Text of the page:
Monday, July 17, 2023

Final Sermon for Evensong at Coventry Cathedral 16th July 2023


Forgive me this afternoon if my main object seems to be to preach, quite literally, to the choir.

I hope my words may have some relevance elsewhere too, but let’s start with the singers. Oh my goodness.If you were intent on reducing your Canon for Worship to helpless tears, congratulations. “I was glad…” presses pretty much every emotional button I have available – from the wedding of a dear friend here, to our Diamond Jubilee service – not to mention the many many times I’ve sung it myself in different choirs and different contexts. And, always, of course, it does what it says on the jar – so that I was and a I AM glad that we have come here together into the house of the Lord….

Glad – but sad as well. In other words, a bit flayed, ….raw, vulnerable, open to whatever God might want to do in this final Evensong of our time together.

And, of course, that is often what music does for us. It bypasses our defences – of logic, of busyness, of simple inattention – and forces us to be present and open in the moment.

And the moment is, most often, where we find that we can meet with God.

That’s why this service of Evensong is so important to me, and why each and every voice in our choirs is doing something that matters even beyond excellence in performance. St Augustine said that those who sing pray twice…On a bad day, it may be that we find ourselves substituting singing for any other kind of engagement in prayer, - but on a good day, music builds bridges to God like nothing else and expresses the truth of God in ways that words can simply never aspire to.

And what is true for you as you sing is true for those who listen as well.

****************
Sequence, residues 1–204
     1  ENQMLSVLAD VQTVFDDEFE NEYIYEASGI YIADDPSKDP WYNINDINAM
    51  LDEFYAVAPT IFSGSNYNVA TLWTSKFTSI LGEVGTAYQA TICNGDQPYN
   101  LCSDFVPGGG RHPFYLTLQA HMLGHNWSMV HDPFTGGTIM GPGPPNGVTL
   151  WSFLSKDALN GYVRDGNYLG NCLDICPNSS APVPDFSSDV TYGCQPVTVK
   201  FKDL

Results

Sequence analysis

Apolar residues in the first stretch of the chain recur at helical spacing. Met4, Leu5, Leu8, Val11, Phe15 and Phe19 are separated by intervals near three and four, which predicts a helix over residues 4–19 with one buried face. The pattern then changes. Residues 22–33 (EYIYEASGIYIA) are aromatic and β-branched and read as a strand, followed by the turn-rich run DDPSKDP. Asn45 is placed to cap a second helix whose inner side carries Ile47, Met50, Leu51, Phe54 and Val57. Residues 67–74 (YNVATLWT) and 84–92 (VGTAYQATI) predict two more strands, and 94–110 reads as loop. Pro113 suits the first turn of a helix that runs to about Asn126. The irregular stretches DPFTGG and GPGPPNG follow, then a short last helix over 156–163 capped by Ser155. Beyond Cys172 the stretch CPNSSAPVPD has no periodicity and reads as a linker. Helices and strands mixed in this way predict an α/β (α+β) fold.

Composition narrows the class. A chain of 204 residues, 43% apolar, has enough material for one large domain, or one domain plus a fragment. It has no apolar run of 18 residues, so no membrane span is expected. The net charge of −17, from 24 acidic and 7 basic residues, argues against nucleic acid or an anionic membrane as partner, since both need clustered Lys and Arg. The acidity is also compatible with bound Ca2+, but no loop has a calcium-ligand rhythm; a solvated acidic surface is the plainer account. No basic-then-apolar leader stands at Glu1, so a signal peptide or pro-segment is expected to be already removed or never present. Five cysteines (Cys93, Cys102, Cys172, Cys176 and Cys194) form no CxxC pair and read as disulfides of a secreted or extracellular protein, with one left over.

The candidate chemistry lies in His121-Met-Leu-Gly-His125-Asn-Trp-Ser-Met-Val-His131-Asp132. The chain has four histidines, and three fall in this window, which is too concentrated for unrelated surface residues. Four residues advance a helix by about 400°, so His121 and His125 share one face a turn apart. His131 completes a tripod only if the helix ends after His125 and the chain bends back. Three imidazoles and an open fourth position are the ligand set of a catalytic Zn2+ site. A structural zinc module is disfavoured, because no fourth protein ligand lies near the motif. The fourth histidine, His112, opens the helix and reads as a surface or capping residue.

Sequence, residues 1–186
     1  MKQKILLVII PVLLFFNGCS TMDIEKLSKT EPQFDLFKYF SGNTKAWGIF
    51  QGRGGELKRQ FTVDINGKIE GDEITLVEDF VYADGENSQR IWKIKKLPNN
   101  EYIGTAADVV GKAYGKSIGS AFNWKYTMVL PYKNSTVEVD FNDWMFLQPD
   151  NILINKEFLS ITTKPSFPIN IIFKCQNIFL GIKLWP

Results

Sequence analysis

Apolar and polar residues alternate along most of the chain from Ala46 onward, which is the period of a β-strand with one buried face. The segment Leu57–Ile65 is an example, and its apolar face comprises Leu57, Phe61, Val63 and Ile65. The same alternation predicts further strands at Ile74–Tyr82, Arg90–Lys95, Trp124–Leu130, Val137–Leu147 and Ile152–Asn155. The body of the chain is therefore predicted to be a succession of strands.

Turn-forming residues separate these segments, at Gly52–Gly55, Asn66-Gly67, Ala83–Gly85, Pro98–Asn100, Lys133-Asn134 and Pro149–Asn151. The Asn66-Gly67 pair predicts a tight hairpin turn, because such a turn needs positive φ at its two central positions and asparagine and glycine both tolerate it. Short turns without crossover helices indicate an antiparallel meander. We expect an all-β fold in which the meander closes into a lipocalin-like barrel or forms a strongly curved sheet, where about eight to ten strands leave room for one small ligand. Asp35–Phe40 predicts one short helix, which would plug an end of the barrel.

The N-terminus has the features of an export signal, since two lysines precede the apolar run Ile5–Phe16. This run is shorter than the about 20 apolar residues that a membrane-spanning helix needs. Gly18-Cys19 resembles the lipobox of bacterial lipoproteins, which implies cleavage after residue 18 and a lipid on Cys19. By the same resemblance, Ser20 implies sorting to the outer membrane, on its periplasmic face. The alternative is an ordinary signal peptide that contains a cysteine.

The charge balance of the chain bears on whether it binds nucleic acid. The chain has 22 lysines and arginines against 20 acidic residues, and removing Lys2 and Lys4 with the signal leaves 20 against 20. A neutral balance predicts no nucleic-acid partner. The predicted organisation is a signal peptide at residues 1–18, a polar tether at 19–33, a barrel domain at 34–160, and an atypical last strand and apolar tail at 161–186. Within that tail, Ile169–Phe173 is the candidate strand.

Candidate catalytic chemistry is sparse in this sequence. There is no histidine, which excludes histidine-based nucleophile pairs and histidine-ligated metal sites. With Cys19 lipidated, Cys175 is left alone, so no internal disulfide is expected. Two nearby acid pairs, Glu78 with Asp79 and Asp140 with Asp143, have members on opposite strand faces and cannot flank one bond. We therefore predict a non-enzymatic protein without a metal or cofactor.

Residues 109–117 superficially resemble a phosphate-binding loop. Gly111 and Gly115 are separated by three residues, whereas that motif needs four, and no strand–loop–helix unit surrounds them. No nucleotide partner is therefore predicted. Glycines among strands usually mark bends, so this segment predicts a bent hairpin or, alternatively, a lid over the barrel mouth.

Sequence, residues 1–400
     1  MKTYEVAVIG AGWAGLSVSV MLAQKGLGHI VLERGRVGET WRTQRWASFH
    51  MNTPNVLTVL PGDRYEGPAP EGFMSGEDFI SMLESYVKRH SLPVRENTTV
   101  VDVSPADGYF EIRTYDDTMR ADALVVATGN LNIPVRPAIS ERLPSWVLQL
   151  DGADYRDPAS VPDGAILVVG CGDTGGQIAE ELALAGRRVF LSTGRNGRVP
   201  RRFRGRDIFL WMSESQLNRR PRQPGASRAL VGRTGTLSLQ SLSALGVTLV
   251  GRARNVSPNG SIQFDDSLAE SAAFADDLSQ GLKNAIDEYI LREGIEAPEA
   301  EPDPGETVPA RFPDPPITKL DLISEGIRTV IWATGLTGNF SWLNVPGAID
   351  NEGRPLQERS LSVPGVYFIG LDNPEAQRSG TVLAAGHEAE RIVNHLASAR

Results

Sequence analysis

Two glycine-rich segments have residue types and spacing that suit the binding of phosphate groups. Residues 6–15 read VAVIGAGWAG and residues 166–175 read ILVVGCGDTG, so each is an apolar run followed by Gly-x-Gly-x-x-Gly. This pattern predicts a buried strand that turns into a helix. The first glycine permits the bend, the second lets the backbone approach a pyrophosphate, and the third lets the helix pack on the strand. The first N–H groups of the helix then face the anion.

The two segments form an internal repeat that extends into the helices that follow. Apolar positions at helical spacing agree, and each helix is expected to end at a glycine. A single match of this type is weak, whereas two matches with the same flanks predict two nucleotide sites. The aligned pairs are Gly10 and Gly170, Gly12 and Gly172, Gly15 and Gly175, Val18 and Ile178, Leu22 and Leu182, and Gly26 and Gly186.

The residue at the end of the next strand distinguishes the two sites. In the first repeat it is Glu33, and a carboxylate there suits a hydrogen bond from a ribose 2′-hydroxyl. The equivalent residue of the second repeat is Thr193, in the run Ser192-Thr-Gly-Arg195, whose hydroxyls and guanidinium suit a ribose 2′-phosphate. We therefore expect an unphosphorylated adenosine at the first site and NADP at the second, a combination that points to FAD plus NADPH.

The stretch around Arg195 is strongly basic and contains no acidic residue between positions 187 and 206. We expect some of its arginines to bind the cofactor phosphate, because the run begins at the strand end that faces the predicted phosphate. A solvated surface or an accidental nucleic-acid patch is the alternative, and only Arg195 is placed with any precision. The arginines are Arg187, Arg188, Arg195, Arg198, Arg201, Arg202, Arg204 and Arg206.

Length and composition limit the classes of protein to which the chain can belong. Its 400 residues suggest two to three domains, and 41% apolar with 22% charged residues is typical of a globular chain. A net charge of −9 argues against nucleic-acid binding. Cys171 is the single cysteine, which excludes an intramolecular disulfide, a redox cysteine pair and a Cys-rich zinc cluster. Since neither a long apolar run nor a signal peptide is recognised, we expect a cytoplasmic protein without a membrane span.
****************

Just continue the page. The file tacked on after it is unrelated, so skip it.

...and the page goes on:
We can’t always do faith with our understanding – though that’s not an invitation to switch your brain off the moment you come in to worship. But if you don’t see yourself as a person of faith, or if the readings leave you cold, or with far more questions than answers, the invitation is simply to let the music take over and do what it does best, transforming the moment as it opens a window onto eternity.

Yes, our worship will always be inadequate. How could it not be, when you consider the greatness of a God beyond all words, beyond all telling?  The spiritual writer and mystic Evelyn Underhill knew this when she wrote

"If God were small enough to be understood, He would not be big enough to be worshipped"

The hymn we will sing very soon recognises that too, with its opening question

“How shall I sing that majesty…” highlighting the gulf between us, in our human frailty, and the God who has drawn us here

But when we worship, when we turn hearts and minds to God, however much we may struggle with the process, we will find ourselves carried, if we’re only willing to allow it. Just that tiniest movement towards God “Where heaven is but once begun”…sweeps us up in the song of praise that started as the world began, and will continue even beyond its end.

And, you know, the notes that we have sung together in this place will resound in God’s heart forever, for God delights in every movement of the heart towards him. Wherever we are, whatever comes next in our lives, in this place where prayer has been valid for centuries we have begun the work that is ours for ever, to magnify the Lord and rejoice in God our Saviour.

So, let us bless the Lord. Thanks be to God!

Farewell sermon for the Cathedral Eucharist, Sunday 16th July 2023